Paul Dresher is a multi-talented composer who is uniquely able to weave contemporary classical, pop, minimalist, and South and Southeast Asian musical styles together into his own distinctive personal style. He creates in a myriad of different genres, including experimental theater, contemporary opera, acoustic and electronic chamber music, orchestral compositions, dance scores, and musical instrument invention. He will be leading a panel discussion entitled Contemporary Music in the Bay Area: A 10-year Retrospective at SF Music Day 2017 presented by InterMusic SF on Sunday, September 24, 2017 at War Memorial Veterans Building in downtown San Francisco.
Brent Miller: How did you come to be a musician in the Bay Area and why did you stay?
Paul Dresher: I moved here in the summer of 1968, the year after the Summer of Love. I was just out of high school and I was following my girlfriend. The counterculture of Berkeley was really exciting for me. I started playing in local rock bands, but I was making my living playing for change on Telegraph. In high school I invented and built some sitar-like instruments, and I noticed that I made more money playing invented instruments rather than guitar. Whatever money I had left over after paying the bills went to buying used records. I would go into Moe’s and buy one experimental record, one jazz record, one rock record, one world record, and one classical record, just to expose myself to as much music as possible. In 1969, I heard Terry Riley. In C and A Rainbow in Curved Air along with Sonatas & Interludes by John Cage inspired me to be a contemporary composer.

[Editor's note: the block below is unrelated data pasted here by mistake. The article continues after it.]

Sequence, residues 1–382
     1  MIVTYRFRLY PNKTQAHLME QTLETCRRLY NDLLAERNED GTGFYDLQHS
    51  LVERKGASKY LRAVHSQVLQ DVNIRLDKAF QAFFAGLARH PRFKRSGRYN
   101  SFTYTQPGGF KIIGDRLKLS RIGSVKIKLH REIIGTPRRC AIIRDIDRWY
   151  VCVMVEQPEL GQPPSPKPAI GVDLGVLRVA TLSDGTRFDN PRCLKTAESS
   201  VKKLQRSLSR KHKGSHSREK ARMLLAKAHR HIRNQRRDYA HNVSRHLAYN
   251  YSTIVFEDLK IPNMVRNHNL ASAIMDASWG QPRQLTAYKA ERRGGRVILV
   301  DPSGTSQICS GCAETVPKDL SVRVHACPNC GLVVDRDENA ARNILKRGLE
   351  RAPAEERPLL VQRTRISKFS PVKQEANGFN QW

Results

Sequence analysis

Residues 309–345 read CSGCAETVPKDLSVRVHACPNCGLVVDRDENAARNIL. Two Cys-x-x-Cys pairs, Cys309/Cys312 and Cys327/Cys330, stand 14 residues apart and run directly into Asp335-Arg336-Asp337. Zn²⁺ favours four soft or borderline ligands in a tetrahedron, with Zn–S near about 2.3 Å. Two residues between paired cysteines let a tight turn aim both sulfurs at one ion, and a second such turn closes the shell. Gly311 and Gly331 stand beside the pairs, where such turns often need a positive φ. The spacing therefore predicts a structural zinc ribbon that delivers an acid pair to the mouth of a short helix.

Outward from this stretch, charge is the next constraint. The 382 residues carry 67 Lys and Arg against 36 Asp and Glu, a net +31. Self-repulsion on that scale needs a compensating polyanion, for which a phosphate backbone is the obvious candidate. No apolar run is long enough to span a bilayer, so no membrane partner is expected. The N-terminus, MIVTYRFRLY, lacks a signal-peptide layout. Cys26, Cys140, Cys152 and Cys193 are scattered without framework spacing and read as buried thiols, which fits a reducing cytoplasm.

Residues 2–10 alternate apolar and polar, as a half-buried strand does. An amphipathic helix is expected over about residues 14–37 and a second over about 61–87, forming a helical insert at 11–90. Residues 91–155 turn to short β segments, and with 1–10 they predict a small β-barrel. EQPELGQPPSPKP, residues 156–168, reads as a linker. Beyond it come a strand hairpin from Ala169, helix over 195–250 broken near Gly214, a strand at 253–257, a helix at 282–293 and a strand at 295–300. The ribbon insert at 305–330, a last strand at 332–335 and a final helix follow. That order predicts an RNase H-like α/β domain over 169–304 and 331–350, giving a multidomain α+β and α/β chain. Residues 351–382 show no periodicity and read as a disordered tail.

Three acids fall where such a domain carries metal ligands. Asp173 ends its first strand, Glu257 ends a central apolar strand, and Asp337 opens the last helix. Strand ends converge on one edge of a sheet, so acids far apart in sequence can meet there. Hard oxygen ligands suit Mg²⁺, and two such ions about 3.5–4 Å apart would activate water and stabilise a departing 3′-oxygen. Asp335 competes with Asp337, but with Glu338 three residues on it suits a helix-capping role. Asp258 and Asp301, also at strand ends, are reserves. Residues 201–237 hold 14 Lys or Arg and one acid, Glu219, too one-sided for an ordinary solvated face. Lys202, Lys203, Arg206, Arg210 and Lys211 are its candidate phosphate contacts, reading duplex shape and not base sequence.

I stayed in the Bay Area because there was so much going on. I found a wonderful community that was interested in pushing every boundary. I traveled a lot and live in several places, but I always considered the Bay Area to be home.
BM: What is unique about the Bay Area music scene?
PD: The Bay Area is more geographically focused so there can be more commerce between the genres. You find really fine classical players working with improvisers, ensembles working with dance companies, things like that. Organizations like InterMusic SF really blew out all the boundaries between classical, contemporary, and jazz. There’s such a strong culture of collaboration in the Bay Area. It’s very exciting.
BM: What effect do you think the recent tech boom has had on the Bay Area music scene?
PD: There have been mixed results. The tech boom has given us tools have really changed music, both how we create it and how we experience it as listeners. The tech boom has also provided a way for artists to make a very good living while trying to make experimental music. The problem is that the tech sector believes that if there isn’t a marketplace for something, then it doesn’t have any value. Tech companies have a remarkable disinterest in philanthropy. The other problem is that the tech boom is really having an impact on the real estate market in the Bay Area. It’s becoming harder and harder for artists to find space to create their work. It’s forcing artists into areas that are now at the forefront of gentrification, creating tension between the people of color that traditionally live in these areas and the artists that are moving in.
BM: If you were an emerging artist in the Bay Area, what would you be most excited about?
PD: I’d be excited about the range of possibilities to explore my art form. The different communities and scenes are very accessible and open to newcomers. You can enter a community and be a part of it. There are so many things that are possible here. The challenge is paying the rent. If you can solve that problem, you can find your home and collaborators.
Find out more about Paul Dresher at http://www.dresherensemble.org/